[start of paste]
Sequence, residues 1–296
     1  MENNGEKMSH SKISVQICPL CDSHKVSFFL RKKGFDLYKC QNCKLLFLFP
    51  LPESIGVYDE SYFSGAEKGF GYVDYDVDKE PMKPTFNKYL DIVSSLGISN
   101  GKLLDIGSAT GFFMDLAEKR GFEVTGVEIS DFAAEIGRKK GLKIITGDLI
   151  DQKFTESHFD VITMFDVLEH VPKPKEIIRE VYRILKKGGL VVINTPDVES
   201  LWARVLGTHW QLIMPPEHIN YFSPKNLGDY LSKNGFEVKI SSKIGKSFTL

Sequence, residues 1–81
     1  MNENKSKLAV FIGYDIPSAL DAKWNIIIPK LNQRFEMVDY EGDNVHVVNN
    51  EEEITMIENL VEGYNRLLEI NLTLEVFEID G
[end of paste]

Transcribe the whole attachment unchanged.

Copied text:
Sequence, residues 1–296
     1  MENNGEKMSH SKISVQICPL CDSHKVSFFL RKKGFDLYKC QNCKLLFLFP
    51  LPESIGVYDE SYFSGAEKGF GYVDYDVDKE PMKPTFNKYL DIVSSLGISN
   101  GKLLDIGSAT GFFMDLAEKR GFEVTGVEIS DFAAEIGRKK GLKIITGDLI
   151  DQKFTESHFD VITMFDVLEH VPKPKEIIRE VYRILKKGGL VVINTPDVES
   201  LWARVLGTHW QLIMPPEHIN YFSPKNLGDY LSKNGFEVKI SSKIGKSFTL

Sequence, residues 1–81
     1  MNENKSKLAV FIGYDIPSAL DAKWNIIIPK LNQRFEMVDY EGDNVHVVNN
    51  EEEITMIENL VEGYNRLLEI NLTLEVFEID G